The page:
None of this really matters, if Sanef and the PMSA elect not to accept the recommendations of the inclusion of third party complaints, and do not reformulate the Press Council’s complaints procedure. Further, none of it matters if the public is not made aware of this new possibility. For that to happen, the Press Council will need to do a great deal of marketing and popular education (as the BCCSA has done). Thereafter, it will be for the press-reading public to become monitors of the press, and start taking an active role in engaging with the content of our press. So, it may be some time yet before the Press Council starts receiving bundles of third party complaints. But for the first time the possibility is there.
In the interim, the politic-talking analysts, for their part, are asking only one question: how will the ANC react to the Press Freedom Commission report and will it go ahead with Parliamentary discussions on a media appeals tribunal?
Of course, it is the ANC’s right to suggest that such discussions be tabled in Parliament. But to do so now may cause the ANC more embarrassment than it wishes to stomach. At the Press Freedom Commission’s oral hearings Jesse Duarte and Jackson Mthembu complained bitterly that the press had misrepresented what the ruling party envisaged as a regulatory body for the press and stated that the ANC had never suggested a statutory body be established.
Instead, said the ANC, an independent mechanism was the most desirable device for press regulation, which should be independent of political interests. The Press Freedom Commission suggested South Africa’s press accountability mechanism be changed from a self-regulatory one, to what it calls a system of independent co-regulation – a cooperation between representatives of the press and the public, but not of government. Effectively, the commission did what it could to give the ANC something pretty close to what it wanted. If the ANC continues to beat the media appeals tribunal drum now, the press fraternity can quite rightly ask, “What more can we possibly do to make you happy?”. If the ANC thought that some where making it out to be the bully of the press before, then taking the media appeals tribunal to Parliament could make matters worse.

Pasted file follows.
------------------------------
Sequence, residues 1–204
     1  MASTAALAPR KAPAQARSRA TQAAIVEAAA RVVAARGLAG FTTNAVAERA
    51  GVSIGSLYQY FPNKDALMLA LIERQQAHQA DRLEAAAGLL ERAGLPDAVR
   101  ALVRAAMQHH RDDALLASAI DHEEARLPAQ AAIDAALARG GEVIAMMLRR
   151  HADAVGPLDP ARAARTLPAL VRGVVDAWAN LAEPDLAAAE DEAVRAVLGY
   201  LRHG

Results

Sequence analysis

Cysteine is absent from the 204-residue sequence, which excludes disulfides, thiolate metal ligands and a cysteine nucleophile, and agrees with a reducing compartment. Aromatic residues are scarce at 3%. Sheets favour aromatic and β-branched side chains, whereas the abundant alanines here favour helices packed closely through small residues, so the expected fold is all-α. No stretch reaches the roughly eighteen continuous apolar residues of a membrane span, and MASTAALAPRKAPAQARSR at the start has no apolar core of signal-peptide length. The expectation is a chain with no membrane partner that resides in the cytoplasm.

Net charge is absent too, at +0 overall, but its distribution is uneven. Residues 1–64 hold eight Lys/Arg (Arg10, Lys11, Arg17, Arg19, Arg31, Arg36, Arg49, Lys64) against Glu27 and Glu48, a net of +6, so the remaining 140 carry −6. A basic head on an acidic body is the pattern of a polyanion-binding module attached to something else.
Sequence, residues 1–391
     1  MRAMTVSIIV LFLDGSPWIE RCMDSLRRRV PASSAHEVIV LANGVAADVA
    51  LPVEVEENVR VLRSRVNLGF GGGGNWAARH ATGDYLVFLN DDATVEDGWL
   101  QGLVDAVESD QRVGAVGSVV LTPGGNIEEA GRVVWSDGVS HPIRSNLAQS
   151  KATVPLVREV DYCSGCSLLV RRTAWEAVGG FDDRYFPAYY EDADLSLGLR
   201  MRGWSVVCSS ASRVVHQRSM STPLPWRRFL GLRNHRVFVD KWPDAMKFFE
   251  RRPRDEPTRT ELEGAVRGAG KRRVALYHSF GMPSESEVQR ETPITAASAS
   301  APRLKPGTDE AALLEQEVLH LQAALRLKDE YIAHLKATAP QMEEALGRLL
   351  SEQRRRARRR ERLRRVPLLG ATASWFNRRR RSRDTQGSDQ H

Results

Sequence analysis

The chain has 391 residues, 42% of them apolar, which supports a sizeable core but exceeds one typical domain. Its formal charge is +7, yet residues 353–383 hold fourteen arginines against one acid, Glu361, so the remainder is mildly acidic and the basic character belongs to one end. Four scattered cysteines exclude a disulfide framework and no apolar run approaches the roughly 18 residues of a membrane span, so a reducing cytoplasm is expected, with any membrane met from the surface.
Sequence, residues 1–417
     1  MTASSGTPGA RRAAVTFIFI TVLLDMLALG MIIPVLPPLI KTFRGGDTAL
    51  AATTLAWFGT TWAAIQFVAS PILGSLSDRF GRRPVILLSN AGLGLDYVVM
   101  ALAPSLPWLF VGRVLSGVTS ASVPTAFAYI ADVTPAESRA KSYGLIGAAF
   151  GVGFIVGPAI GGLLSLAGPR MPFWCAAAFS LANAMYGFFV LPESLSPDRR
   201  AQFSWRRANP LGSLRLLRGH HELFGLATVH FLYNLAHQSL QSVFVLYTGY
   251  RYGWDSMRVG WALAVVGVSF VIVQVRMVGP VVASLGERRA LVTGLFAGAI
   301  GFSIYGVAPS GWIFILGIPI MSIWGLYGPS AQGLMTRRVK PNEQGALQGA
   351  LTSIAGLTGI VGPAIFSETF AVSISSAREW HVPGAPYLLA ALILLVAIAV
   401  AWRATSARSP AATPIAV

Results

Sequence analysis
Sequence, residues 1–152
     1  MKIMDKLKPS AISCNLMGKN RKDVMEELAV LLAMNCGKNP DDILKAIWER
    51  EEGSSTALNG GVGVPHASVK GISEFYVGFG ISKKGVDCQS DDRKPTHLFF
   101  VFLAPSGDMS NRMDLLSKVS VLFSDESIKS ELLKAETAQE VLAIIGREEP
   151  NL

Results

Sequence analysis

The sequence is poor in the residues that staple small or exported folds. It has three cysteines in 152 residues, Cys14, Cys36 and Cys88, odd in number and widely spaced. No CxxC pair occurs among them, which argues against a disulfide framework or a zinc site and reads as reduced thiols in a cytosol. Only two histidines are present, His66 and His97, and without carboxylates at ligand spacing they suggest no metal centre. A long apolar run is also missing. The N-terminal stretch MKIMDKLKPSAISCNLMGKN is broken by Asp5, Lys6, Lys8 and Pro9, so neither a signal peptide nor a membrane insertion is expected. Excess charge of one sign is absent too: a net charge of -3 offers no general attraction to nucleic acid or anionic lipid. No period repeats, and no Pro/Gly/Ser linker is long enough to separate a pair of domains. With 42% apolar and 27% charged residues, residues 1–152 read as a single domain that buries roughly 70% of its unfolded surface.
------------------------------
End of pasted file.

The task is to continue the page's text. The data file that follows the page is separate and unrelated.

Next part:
But this thing called the “general public” is a strange animal. Many presenters at the oral hearings in both review processes indicated a general distrust among the public of the press. Ask just about anyone who reads newspapers on a regular basis, whether they fully trust everything they read in the press to be true, and the answer will almost always be “No”. But without thinking, that same reader will skim over the daily headlines and ask, “Have you heard the latest news?”, believing every word they had read.
The truth is, most of us do not doubt what we see in the papers – at least not immediately. Which is what makes it so important for the press to get things right. Improving the quality of journalism is important work, and the Press Council has an essential and difficult role to play in that. Problems range from sensationalist and irresponsible reporting, laziness in fact-checking, the publication of inaccuracies and so on. All of that is important and needs attention.
Nonetheless, amid such discussions on the supposed deteriorating quality of journalism, one is still haunted by the suspicion that we are not having any of these discussions now because some journalists have done a bad job. The unnerving nightmare is that we may be talking about the regulation of the press now because some very courageous journalists in our country have, over the past few years, done a very good job, and made some very important people very uncomfortable.
On 3 May a number of countries around the globe will celebrate World Press Freedom Day. On this day we should remember that South Africa’s press freedom rating has slipped dramatically on global press freedom indices since 2008 and we no longer have a free press rating. The press has voluntarily suffered two rigorous processes of painful introspection with regard to how it regulates itself.
Perhaps it is time too for the ANC to do some rigorous introspection on how it’s rash rhetoric against the press contributed to the fall in South Africa’s press freedom rating which, in the interest of freedom of expression, is an ugly blemish on the face of any democracy. DM
Dr Julie Reid is a media academic, analyst and media freedom activist at the department of communication science at Unisa, and the deputy president of the South African Communications Association (Sacomm). She is an active member of the Right2Know Campaign and tweets about media matters as @jbjreid.